The Hong Kong-Zhuhai-Macao Bridge has got off to a good start, serving about 1.79 million passengers in the first month of smooth and orderly operation, the Ministry of Transport said on Nov 22.
As of midnight on Nov 20, the bridge’s daily passenger volume reached 64,000, with the highest hitting 103,000 on Nov 18.
“The figures exceed our expectations,” said Yiu Si-wing, who represents the tourism sector in the legislature of the Hong Kong Special Administrative Region. He added that the bridge’s first month of operation had a positive impact on the city’s tourism industry.
Yet, he admitted that the immediate benefits are not as significant as he had thought they would be.
He mentioned that perhaps 20 percent of the passengers who used the boundary-crossing bridge were there just to “worship the bridge”. They had no intention of entering Hong Kong.
Moreover, Yiu said, for those who did enter Hong Kong via the bridge, the majority were on one-day tours, bypassing hotels and tourist spots or resorts.
Passenger vehicles represented up to 97.6 percent of the total traffic on the bridge, according to the ministry. Shuttle buses accounted for 45 percent of the total vehicle traffic, with private cars making up another 30.5 percent. Cargo accounted for 2.4 percent.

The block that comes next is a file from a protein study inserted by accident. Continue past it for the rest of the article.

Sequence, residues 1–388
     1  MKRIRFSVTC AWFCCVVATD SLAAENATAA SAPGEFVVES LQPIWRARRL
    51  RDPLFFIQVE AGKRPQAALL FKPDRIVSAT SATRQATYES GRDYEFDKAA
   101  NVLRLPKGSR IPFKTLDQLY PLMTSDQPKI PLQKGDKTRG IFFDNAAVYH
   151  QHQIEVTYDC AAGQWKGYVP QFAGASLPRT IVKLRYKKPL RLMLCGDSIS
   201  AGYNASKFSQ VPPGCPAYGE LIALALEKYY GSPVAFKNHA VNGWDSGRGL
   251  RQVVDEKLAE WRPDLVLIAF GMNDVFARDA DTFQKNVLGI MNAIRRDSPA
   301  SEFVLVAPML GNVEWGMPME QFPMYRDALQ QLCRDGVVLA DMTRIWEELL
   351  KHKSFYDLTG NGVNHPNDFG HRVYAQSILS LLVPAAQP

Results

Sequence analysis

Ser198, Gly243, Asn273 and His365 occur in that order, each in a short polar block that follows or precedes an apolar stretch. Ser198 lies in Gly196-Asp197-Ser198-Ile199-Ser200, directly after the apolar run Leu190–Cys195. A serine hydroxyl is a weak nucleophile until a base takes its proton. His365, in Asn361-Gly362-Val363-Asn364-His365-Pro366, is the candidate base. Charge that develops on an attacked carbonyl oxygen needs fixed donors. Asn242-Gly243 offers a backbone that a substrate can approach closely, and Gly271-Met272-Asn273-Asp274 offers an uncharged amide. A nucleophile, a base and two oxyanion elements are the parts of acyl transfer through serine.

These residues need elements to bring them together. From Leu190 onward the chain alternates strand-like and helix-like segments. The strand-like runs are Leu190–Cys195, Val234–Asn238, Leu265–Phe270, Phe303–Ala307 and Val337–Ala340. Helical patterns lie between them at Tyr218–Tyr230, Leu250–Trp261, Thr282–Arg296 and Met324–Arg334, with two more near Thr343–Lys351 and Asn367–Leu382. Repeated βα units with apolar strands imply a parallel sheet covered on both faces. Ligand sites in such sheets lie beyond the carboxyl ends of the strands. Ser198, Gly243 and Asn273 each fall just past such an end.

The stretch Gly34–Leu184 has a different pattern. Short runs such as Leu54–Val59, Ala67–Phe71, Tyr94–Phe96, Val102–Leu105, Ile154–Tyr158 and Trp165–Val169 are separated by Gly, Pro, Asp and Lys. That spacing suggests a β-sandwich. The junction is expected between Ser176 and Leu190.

Rush hours were from 10 am to noon and 5 pm to 7 pm, the data showed.
“We saw no traffic congestion on the bridge at all,” said Teddy Chung Wai-tong, vice-chairman of the Hong Kong Macau Cross Border Association. But he said that passenger congestion did occur on weekends as people gathered to wait for shuttle buses.
Shuttles on the bridge carry passengers to the three border checkpoints in Hong Kong; Macao; and Zhuhai, Guangdong province, while crossborder coaches can send passengers to downtown areas in the three places.
Chung hoped the Hong Kong government would increase quotas for the crossborder coaches to ease the burden of the shuttle buses.
He cited his own company, One Bus Hong Kong Macau, as an example. The company provides cross-border coach service between Hong Kong and Macao.
“We can only serve a maximum of 5,000 passengers a day because of the quota restrictions. But the daily volume of passengers traveling between Hong Kong and Macao may climb to 30,000 on weekends,” he said.
But to Yiu, the quota increase doesn’t seem urgent.
“Since the bridge has only been open to traffic for a month, it would be better to consider and review the quota policies after further observations have been made over a longer period.”
The bridge officially opened on Oct 23. Its 55-kilometer-long complex of bridge structures, tunnels and island crossings connect the east and west sides of the Pearl River Delta in South China.